Broadway Avenue Bridge in St. Peter, Minnesota. One of many bridges that has been rehabilitated for further traffic use. It was one of 29 historic bridges that are of interest of MnDOT and MinnHisSoc. Photo taken in 2013

After the preliminary state bridge inventories were completed, HAER partnered with state DOTs to undertake HAER summer documentation projects, collaborating with a combination of national and local experts and student engineers, architects and historians. Negotiating with a variety of partners from FHWA, DOTs, and other historic groups to secure funding, these HAER state bridge recording projects started with Ohio in 1986. David Simmons of the Ohio Historical Society served as a member of the team that completed the Ohio historic bridge inventory, and as an advisor to the 1986 and 1992 HAER Ohio Historic Bridge Recording Projects. He recalled that the HAER team set up offices at the architecture studios at The Ohio State University, and assisted Eric in training the students in how to read a bridge. The team documented over a dozen bridges (both on system and off) with large format photographs and histories, and completed measured drawings on roughly half of the bridges. HAER’s interest in many of these bridges helped save them from being replaced. An example was the Zoarville Station Bridge, which was preserved with support from local private citizens’ groups. From 1987 to 2001, Eric worked with several other states to document their historic bridges and add to the HAER Collection including: New York, Wisconsin, Arkansas, Massachusetts, Oregon, Pennsylvania, Washington, Iowa, Texas, and Illinois.

Zoarville Station Bridge in Ohio, the only Fink through truss bridge of its kind left in the US. This bridge was photographed by Nathan Holth in 2007 as it was undergoing extensive rehabilitation for reuse as a predestrian crossing

In addition to the nation’s highway bridges, the historic roads and bridges in the National Park system were also deteriorating from neglect and overuse. HAER developed a pilot project in the National Capital Region in 1988 to survey the historic and significant transportation-related structures and designed landscapes in various units of the National Park Service. With support from FHWA and NPS, this program expanded in 1989 and continued until 2002 to document national parks across the country. A sample of some of the parks where HAER employed large summer recording teams includes: Yellowstone, Glacier, Yosemite, Mount Rainier, Sequoia, Zion, Grand Canyon, Mesa Verde, Acadia, Great Smoky, Marsh-Billings-Rockefeller national parks; Skyline Drive, George Washington Memorial, Colonial, Rock Creek, Blue Ridge, Baltimore-Washington parkways; Vicksburg, Chickamauga, Gettysburg and Shiloh National Military Parks. HAER also partnered with Connecticut and New York State to record several historic parkways including: Merritt State Parkway, Taconic State Parkway, Bronx River Parkway, and the Henry Hudson Parkway.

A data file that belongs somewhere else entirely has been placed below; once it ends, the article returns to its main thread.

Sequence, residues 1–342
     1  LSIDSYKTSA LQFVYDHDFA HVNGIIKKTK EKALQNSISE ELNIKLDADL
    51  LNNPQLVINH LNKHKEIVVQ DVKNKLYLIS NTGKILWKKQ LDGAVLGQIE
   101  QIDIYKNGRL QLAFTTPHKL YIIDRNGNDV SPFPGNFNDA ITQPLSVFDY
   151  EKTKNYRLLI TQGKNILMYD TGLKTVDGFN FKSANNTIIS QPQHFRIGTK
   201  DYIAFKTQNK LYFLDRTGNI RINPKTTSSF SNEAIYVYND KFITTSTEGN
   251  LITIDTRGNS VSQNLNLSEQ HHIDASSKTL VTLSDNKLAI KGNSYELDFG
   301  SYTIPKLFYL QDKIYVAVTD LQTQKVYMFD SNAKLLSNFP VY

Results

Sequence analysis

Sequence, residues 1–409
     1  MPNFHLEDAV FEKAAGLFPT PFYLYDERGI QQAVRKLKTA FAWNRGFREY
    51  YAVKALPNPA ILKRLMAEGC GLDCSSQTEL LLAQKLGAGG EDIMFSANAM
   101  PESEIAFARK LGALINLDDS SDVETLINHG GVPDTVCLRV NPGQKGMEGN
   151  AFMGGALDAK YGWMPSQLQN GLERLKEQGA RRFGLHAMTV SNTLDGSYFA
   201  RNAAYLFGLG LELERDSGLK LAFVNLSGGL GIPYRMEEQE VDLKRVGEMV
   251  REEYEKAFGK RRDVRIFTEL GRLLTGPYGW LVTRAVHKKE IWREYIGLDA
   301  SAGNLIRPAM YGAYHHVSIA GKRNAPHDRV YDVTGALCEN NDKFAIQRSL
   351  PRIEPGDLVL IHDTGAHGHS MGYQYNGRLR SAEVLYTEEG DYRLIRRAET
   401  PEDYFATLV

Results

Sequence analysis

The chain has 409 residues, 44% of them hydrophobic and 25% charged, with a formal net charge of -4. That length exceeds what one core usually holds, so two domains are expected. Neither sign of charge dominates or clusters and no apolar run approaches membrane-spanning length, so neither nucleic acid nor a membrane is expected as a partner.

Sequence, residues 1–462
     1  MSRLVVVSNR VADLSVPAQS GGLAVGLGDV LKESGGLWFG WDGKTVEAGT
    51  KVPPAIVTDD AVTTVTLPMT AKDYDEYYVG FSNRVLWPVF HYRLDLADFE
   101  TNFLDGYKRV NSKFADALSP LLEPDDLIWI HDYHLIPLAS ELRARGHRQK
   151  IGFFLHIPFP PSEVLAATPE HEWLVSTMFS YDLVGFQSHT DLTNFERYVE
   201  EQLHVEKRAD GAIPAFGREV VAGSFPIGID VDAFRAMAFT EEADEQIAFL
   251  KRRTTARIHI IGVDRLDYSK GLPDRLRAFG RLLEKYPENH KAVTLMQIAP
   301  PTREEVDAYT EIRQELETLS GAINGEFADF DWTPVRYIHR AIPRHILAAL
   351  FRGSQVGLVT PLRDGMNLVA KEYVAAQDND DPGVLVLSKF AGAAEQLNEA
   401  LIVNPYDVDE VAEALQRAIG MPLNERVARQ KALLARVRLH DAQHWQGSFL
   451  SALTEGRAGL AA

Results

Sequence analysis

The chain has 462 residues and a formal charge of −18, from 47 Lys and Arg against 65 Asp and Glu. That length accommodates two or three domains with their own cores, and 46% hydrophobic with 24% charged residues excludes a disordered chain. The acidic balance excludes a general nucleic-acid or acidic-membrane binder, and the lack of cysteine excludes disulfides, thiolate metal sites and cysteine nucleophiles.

Hogback Covered Bridge, one of thousands of covered bridges that have been preserved for use as a pedestrian crossing after a bridge was constructed alongside it. It is one of six bridges that are part of the Bridges of Madison County tour, soon to be expanded to include a couple additional metal truss bridges relocated recently. Photo taken in 2007

Eric DeLony was also vital in getting HAER involved with a third major initiative involving historic bridges and FHWA. Realizing that covered bridges were a beloved but endangered resource, Vermont Senator James Jeffords proposed legislation to identify and rehabilitate them. The National Historic Covered Bridge Preservation (NHCBP) Program was established by FHWA in 1998 through the TEA-21 transportation bill. Through Eric’s determination and foresight, HAER received research and education funding beginning in 2002 to survey and document the nation’s most significant covered bridges, as well as other educational initiatives including engineering reports, a traveling exhibition, national conferences, a national database, and nominating national historic landmarks. With the benefit of continued FHWA support, HAER National Covered Bridges Recording Project Leader Christopher Marston has continued Eric DeLony’s vision and is in the process of finalizing several research projects. This includes the publication, Covered Bridges and the Birth of American Engineering, co-edited with Justine Christianson, and dedicated to Eric DeLony. Rehabilitation Guidelines for Historic Covered Bridges will be published later in 2017.
How he brought the historic bridges to the attention of the public esp. in terms of preservation and designating them on the National Register